A very gallant act was performed by Midshipman Allson, on his first voyage. Reaching a small raft, he pushed it along in front of him and helped several badly burnt men aboard. These he later transferred to a larger raft. Their blazing vessel drifted away leaving them alone save for the fading sounds of battle ... ’

Black, who was picked up in one of his ship’s rafts by the Italians and temporarily interned in Tunisia, returned to the U.K. at the end of the year and finished the War as a 1st Mate of the Samdon. Post-war he remained actively employed by the Clan Line until taking early retirement in January 1951.

Albert Geoffrey Allson

Halifax Herald 02/17/2010

ALLSON, Captain Albert Geoffrey- Of Bedford, passed away suddenly, at the age of 85, on January 30, 2010.

Grampy (as he was known by many) was born in Foucho, China, March 20, 1924. He was predeceased by his parents, Albert and Emily (Spiers) Allson; his brother, Allen Allson and his wife, Vera Jeans (Norman). Geoffrey is survived by his twin sister, Joan Allson Canterbury, Kent, England and by his stepdaughter ,Vicki Jeans, Halifax and stepson, Richard (Carol) Jeans, Courtenay, B.C.; his grandchildren, Amanda Brownell, Australia; David (Trina) Jeans, Rose Blanche, N.L.; Greg (Jen) Jeans, Invermere, B.C. and Terry (Susy) Jeans, Gatineau, Que.; great-grandchildren, Brandon, Christopher, Noah and Henri.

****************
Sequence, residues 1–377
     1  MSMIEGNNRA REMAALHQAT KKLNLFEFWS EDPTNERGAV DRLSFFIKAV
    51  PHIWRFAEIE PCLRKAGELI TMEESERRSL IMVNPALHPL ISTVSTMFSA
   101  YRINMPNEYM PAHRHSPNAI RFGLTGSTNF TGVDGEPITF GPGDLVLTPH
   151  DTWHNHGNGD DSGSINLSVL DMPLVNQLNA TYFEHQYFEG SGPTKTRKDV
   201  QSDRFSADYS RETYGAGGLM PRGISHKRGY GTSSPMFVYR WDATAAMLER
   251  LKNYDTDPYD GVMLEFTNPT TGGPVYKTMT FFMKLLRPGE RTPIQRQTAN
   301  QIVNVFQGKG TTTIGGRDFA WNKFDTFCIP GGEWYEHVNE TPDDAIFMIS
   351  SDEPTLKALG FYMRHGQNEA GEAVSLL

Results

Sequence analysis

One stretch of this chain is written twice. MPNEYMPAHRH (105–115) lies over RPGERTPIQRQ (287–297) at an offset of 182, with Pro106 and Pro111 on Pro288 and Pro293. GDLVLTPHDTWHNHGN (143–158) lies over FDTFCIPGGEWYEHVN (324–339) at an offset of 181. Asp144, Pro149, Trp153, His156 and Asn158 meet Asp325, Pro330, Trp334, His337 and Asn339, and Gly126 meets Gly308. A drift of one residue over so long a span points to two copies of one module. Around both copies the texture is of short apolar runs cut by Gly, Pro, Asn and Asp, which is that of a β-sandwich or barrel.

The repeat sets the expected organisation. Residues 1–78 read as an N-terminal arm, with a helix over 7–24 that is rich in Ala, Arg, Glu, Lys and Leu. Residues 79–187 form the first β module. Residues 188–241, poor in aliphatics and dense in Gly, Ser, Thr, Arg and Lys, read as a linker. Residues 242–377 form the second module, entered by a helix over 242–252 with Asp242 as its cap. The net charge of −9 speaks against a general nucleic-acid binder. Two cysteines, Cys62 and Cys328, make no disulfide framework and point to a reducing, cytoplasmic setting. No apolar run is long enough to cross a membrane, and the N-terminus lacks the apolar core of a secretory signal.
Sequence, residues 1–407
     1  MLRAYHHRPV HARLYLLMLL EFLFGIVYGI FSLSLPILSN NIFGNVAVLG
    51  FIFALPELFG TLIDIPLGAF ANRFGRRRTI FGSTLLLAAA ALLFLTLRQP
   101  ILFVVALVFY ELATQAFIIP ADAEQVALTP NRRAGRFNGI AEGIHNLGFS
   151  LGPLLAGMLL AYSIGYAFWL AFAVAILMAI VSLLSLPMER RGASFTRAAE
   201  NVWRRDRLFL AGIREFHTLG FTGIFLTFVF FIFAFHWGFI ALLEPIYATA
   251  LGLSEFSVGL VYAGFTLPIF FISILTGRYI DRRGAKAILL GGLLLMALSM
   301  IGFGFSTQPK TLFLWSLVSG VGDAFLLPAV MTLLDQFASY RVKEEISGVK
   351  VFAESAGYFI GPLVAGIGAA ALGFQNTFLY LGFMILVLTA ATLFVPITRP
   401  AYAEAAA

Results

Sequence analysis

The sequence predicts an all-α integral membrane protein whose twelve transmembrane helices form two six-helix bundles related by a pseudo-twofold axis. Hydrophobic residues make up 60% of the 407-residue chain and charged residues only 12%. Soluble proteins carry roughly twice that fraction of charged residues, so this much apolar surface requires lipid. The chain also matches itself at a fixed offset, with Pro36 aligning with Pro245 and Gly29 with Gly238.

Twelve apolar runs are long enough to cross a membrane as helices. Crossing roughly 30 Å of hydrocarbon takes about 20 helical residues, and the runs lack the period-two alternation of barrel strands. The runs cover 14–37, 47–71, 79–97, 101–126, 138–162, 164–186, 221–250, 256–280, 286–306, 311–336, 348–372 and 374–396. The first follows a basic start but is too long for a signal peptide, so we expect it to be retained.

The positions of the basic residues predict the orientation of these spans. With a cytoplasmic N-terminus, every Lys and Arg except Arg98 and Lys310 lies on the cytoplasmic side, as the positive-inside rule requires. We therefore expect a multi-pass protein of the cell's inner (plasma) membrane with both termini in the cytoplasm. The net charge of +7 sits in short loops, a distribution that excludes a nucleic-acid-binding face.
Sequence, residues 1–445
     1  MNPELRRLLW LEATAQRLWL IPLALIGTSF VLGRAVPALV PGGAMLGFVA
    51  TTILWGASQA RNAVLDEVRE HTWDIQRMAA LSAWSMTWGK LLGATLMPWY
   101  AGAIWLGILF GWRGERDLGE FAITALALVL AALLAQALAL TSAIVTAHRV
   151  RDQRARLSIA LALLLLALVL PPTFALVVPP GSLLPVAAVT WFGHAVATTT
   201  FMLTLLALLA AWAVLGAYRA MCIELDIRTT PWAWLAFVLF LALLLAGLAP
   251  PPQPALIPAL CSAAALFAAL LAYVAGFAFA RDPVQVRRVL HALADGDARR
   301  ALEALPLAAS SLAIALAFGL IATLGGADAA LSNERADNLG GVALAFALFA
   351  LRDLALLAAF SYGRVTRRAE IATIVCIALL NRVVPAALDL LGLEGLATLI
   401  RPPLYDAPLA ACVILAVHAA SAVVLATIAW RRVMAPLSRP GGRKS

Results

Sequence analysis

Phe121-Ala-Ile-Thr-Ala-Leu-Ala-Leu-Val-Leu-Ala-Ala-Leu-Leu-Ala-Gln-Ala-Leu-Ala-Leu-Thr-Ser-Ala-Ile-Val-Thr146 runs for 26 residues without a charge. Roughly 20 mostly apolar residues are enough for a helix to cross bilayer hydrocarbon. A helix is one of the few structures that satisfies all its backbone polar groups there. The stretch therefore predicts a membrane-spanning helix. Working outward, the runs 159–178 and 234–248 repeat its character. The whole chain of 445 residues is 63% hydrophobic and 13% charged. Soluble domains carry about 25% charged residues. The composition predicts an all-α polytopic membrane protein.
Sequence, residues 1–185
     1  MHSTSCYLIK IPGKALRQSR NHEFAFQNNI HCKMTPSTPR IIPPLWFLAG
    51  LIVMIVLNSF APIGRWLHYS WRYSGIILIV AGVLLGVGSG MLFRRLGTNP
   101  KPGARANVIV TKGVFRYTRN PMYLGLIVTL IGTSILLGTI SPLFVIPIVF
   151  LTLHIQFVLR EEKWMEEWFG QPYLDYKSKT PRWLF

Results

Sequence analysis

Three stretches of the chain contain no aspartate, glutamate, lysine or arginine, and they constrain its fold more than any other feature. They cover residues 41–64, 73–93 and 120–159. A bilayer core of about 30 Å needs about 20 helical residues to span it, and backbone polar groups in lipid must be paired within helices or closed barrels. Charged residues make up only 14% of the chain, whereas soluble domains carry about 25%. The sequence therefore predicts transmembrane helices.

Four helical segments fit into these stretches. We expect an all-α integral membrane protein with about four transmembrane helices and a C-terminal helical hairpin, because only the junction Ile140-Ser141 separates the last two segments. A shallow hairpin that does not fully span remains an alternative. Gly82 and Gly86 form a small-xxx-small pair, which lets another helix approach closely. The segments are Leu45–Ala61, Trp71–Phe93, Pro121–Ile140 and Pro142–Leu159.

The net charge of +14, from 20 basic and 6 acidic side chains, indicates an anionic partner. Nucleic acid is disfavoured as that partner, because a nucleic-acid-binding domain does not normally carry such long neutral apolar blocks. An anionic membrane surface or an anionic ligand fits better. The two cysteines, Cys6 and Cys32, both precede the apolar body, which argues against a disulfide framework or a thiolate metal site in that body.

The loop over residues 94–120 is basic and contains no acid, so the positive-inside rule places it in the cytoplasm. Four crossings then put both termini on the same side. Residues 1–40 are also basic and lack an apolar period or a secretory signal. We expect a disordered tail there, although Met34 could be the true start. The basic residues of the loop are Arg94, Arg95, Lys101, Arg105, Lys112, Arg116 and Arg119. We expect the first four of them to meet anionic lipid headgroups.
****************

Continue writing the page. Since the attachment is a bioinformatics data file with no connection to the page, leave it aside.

Geoffrey was educated in England, and received his pre-sea training at H.M.S. Worcester Nautical Training College from 1940 until 1942.

On July 27, 1942, he joined Clan Line Ltd. as an apprentice and was appointed to the "Clan Ferguson". He was part of the Malta Convoy when his ship was torpedoed, and he spent the night in the water helping survivors get to the life rafts. The next day, he was picked up by a German Flying Boat and taken to Sicily as a POW and later transferred to Germany.

He was credited for saving 18 persons and in May of 1943 was awarded the Lloyd's War Medal for bravery at sea. In June of 1945 he was presented with the Distinguished Service Medal by King George VI.

After the war, he returned to service with the Clan Line fleet. The Clan Line later amalgamated with the Union Castle Line and became known as The British and Commonwealth Shipping Company. He served on various types of vessels in the fleet, cargo liners, product tankers, mail vessels and paper carriers.

He was promoted to Captain in May 1967. He left the company in 1979 and immigrated to Canada and joined the Kent Line in May 1983. He spent only a few years with them, and then retired for good.

He loved to garden and to walk his dog, but music was his passion. He had hundreds of reel to reel tapes, records, cassettes and DVDs and he spent many hours listening to his favourite singers. He was always helping others. Even at 85, he helped plow out his neighbours with his snow blower. As one of his neighbours described him, he was an icon, always had time for a friendly chat and always smiling. He was a wonderful brother, husband, dad and "Grampy". He will be greatly missed.